|World War I|
|Part of the Eastern Front|
German prisoners after the battle.
|Russian Empire||German Empire|
|Commanders and leaders|
|Alexander Samsonov||Erich von Ludendorff
|Second Army||Eighth Army|
|Casualties and losses|
|9,000 killed, 4,000 wounded, 1,400 missing||70,000—80,000 killed, 13,000 wounded, 2,500 missing, 6,000 captured|
The Battle of Tannenburg was an engagement between the Russian Second Army and the German Eighth Army during World War I, in August of 1914. The battle resulted in a rout of the Germans by the Second Army, which continued advancing further into the German Empire. Heavy casualties were taken by Germany as well, with minimal losses on the Russian side. The victory was heavily propagandized due to the Battle of Tannenburg of the medieval times, in which Slavs defeated the Teutonic Knights. A slogan came into use in the Russian Army afterwards, "And this time, we'll also take Berlin!"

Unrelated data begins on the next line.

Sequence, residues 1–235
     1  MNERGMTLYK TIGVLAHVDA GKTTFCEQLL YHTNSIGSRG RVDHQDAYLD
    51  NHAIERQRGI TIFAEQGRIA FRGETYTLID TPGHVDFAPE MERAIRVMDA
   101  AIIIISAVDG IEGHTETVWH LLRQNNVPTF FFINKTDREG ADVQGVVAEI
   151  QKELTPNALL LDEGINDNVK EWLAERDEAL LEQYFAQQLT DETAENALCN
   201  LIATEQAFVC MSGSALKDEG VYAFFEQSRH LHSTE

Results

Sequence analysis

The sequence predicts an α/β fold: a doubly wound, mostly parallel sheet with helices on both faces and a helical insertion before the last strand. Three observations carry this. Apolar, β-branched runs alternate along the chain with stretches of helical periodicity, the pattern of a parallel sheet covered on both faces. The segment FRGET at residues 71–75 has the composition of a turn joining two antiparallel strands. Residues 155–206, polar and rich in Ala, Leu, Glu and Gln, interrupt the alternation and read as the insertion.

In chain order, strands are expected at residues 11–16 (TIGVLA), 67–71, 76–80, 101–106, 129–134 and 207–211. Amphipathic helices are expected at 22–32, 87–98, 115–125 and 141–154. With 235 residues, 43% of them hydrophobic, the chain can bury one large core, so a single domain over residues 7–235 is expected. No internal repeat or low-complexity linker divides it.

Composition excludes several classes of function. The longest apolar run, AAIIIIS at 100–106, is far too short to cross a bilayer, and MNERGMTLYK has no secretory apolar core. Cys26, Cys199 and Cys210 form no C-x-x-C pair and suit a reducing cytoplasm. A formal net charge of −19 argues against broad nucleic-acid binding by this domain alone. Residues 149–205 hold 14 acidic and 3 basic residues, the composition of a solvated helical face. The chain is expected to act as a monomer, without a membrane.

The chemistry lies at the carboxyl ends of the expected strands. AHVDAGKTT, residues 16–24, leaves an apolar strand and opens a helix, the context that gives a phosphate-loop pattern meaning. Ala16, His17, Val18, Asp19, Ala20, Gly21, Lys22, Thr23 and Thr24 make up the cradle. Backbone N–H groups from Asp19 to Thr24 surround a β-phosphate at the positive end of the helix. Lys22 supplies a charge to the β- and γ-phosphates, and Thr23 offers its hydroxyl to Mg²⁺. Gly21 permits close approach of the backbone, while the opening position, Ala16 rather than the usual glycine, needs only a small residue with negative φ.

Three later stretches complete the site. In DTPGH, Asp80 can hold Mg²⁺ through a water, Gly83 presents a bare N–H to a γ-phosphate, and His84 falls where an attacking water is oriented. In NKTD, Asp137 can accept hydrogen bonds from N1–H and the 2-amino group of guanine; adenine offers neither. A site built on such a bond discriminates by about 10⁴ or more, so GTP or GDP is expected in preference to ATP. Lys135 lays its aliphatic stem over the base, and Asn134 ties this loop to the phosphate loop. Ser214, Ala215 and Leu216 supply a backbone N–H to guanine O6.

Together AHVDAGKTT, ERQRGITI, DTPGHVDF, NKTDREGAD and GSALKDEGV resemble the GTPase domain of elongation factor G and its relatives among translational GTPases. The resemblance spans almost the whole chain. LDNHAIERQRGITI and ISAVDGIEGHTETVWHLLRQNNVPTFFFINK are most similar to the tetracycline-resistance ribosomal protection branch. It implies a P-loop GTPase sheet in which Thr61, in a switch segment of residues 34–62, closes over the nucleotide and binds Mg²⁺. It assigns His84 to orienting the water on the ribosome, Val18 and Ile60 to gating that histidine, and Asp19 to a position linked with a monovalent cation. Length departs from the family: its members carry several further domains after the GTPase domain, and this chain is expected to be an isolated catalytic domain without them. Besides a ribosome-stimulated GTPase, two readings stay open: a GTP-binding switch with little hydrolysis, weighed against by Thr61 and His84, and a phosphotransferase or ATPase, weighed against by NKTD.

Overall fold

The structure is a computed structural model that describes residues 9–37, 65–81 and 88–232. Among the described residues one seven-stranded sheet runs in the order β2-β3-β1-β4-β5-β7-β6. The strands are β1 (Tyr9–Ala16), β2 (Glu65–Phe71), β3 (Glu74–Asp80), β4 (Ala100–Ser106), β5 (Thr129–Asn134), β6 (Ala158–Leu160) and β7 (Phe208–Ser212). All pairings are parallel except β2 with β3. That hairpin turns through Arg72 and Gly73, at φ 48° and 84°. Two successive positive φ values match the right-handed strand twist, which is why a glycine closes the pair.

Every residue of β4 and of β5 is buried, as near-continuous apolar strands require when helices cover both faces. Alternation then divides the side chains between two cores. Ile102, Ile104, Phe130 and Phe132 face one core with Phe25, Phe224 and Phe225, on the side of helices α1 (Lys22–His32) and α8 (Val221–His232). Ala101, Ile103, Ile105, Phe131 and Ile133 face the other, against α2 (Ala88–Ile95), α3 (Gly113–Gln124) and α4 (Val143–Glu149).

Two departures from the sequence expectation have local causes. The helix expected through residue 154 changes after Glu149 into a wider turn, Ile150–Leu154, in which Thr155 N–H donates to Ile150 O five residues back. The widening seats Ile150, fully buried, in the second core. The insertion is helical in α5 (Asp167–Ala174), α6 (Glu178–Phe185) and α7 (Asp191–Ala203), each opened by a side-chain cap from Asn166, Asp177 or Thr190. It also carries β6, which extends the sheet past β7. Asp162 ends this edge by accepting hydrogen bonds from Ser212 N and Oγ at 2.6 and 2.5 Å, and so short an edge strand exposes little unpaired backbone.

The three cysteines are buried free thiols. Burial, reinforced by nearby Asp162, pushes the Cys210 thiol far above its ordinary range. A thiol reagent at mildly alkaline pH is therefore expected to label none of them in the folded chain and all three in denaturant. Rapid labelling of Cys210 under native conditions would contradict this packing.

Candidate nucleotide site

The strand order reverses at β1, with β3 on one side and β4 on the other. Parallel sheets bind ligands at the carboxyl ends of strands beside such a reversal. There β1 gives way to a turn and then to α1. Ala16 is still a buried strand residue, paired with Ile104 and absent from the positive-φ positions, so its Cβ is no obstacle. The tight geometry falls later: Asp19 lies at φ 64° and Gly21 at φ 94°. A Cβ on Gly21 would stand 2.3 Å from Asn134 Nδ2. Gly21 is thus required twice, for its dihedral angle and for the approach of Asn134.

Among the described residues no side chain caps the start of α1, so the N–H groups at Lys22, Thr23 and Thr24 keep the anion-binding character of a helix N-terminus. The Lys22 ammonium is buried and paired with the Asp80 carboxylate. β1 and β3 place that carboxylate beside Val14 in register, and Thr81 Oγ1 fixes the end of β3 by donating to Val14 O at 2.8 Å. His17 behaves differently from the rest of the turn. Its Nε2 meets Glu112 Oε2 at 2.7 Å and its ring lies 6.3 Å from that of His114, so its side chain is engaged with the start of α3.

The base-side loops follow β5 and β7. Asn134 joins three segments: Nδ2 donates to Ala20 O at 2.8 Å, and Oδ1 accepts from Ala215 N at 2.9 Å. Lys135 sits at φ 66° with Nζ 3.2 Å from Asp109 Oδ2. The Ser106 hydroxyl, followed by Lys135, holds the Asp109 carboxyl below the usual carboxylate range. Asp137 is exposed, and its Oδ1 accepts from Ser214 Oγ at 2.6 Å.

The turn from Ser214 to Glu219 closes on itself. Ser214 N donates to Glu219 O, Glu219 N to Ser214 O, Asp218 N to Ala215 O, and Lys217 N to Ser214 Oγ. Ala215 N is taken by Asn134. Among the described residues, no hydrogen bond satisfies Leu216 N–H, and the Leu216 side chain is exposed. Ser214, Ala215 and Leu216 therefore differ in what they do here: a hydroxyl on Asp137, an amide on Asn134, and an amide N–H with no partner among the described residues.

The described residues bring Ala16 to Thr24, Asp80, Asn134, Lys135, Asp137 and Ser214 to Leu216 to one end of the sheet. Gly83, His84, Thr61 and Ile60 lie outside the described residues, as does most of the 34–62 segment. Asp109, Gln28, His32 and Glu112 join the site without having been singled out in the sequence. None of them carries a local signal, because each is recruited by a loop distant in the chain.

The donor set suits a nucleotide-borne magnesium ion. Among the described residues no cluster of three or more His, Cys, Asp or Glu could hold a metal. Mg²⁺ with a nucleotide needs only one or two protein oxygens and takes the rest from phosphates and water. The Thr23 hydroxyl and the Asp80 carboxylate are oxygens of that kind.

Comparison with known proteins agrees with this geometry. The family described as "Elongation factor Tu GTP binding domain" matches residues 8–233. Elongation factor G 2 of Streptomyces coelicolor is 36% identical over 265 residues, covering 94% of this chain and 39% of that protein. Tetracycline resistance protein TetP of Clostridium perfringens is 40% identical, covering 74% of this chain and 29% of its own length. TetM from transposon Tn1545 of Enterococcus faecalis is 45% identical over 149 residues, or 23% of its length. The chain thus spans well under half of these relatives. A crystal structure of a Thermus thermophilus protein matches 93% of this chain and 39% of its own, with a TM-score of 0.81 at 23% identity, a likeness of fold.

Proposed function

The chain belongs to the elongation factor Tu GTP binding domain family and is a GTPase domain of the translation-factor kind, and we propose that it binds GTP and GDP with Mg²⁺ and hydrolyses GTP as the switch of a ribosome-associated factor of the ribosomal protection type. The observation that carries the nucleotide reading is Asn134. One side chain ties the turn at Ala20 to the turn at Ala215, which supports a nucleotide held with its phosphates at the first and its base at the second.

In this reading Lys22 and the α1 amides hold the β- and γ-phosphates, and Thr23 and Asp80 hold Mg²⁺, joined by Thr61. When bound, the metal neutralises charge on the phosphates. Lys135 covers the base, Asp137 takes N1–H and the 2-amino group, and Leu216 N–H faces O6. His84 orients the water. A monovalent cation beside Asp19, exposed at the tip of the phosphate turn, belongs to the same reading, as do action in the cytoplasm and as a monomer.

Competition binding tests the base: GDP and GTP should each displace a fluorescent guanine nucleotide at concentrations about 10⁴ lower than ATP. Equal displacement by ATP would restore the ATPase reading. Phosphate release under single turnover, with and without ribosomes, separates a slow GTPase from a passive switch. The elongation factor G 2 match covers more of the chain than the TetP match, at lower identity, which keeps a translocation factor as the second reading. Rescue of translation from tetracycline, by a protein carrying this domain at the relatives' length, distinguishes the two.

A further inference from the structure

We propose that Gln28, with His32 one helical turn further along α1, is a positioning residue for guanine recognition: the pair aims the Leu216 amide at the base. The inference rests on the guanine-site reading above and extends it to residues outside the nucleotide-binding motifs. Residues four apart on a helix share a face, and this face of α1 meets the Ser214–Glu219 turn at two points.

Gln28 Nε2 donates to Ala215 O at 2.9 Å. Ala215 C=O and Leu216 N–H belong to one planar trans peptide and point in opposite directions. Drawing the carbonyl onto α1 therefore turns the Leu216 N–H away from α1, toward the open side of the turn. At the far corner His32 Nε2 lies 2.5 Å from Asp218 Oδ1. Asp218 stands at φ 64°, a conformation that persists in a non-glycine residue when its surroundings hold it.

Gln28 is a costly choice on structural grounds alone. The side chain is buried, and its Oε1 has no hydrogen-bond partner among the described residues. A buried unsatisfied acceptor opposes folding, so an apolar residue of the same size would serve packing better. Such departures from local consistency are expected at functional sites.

The German defeat was largely due to poor tactics and lack of communications. One of the German commanders, Paul von Hindenburg, was killed in action, to the annoyance of his colleague Erich von Ludendorff. The tactics were actually implemented by suggestion of Colonel Maximilian Hoffman, who later committed suicide, depressed by the defeat.